CHARLOTTE, N.C. — A federal judge handed down sentences of up to 15 years in prison to five individuals for their involvement in a methamphetamine trafficking ring in North Carolina.
Judge Bell sentenced the defendants as follows:
- William Jay Allen, Jr., 29, of Vilas, N.C. was sentenced to 180 months in prison, followed by five years of supervised release. Allen pleaded guilty to drug trafficking conspiracy and distribution methamphetamine.
- Justin Kevin Anderson, 31, of Boone, N.C. was sentenced to 135 months in prison, followed by six years of supervised release. Anderson pleaded guilty to drug trafficking conspiracy and distribution methamphetamine.
- Thomas Burns Shelley, III, 37, of Blowing Rock, N.C., was sentenced to 132 months in prison and five years of supervised release. Shelley pleaded guilty to conspiracy to distribute methamphetamine and possession with intent to distribute methamphetamine.
- Jeffrey David Miller, of Sugar Grove, N.C., was sentenced to 36 months in prison and three years of supervised release. Miller pleaded guilty to conspiracy to distribute methamphetamine and distribution of methamphetamine.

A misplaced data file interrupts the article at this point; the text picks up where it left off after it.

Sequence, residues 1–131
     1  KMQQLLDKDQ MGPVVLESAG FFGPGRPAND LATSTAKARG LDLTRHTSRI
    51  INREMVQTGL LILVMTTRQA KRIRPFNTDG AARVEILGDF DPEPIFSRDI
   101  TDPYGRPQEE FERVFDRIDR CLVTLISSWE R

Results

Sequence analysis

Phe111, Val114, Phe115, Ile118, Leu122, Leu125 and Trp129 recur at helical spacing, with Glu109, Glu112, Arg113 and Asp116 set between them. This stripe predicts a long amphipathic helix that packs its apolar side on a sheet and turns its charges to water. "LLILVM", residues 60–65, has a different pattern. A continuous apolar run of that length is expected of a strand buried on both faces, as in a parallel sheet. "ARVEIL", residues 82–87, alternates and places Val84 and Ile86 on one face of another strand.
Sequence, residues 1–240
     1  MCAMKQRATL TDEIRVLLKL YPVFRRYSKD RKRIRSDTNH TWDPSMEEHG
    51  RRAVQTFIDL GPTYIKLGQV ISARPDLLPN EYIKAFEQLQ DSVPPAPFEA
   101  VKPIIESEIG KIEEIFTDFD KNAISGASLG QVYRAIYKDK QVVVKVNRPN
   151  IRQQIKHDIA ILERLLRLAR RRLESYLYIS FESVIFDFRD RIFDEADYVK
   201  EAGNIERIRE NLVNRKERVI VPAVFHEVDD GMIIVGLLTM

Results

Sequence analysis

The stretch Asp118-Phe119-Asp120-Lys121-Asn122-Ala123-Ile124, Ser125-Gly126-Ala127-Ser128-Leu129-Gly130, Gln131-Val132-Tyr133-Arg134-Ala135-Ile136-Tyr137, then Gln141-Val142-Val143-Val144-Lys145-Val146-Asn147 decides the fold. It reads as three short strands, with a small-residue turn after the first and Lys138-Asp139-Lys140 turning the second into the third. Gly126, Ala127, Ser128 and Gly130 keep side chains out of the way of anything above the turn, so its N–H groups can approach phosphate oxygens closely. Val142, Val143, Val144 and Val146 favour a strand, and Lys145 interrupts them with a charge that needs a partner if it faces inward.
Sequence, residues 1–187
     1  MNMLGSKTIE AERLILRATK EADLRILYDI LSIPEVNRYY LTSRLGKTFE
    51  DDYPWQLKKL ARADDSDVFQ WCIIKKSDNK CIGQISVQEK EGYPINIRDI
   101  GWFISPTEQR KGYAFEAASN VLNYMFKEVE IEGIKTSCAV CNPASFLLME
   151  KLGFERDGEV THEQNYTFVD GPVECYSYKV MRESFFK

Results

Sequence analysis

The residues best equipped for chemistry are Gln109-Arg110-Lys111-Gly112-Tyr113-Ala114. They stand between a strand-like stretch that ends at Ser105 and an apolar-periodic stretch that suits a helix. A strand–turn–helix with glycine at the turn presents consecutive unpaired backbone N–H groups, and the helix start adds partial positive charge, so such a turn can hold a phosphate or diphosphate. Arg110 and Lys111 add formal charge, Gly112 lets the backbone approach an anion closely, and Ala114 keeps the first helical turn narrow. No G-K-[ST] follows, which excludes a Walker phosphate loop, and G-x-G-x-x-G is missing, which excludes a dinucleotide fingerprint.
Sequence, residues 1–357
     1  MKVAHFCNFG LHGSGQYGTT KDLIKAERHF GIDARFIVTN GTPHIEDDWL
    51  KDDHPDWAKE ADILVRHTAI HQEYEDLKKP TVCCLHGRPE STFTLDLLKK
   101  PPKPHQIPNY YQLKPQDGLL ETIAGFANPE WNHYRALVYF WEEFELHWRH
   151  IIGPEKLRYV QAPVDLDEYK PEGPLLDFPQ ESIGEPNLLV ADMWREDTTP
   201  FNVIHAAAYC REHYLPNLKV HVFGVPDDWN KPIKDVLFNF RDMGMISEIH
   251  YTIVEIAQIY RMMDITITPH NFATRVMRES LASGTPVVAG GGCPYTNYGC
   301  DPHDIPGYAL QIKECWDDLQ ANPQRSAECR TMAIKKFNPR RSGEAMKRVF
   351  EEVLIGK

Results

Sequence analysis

- Danielle Denise Dieters Ward, 42, of Morganton, N.C., was sentenced to 36 months in prison and five years of supervised release. Ward pleaded guilty to conspiracy to distribute methamphetamine and distribution and possession with intent to distribute methamphetamine.
Federal authorities say a sixth co-defendant, Timothy Wilson Critcher, 47, of Boone, N.C., is scheduled to be sentenced on December 7th, 2021.
According to court documents and the sentencing hearing, Allen and his co-conspirators, from 2018 to 2020, trafficked more than 12 kilograms of crystal methamphetamine in Ashe and Watauga Counties, and elsewhere.
Federal authorities say Allen was determined to be the source of supply for the methamphetamine, and his co-defendants operated as couriers and sellers in the conspiracy.
All the defendants are currently in custody of the U.S. Marshals Service, and will be taken into custody of the U.S. Bureau of Prisons upon designation of a federal facility, according to a news release.
This case is supported by the Organized Crime and Drug Enforcement Task Force (OCDETF) as part of an ongoing investigation focusing on drug organizations trafficking large quantities of methamphetamine in Western North Carolina.
Authorities say to this date, more than 200 individuals have been prosecuted, and law enforcement have seized more than 20 kilograms of crystal methamphetamine, $500,000 in U.S. currency, and other assets, and dozens of firearms.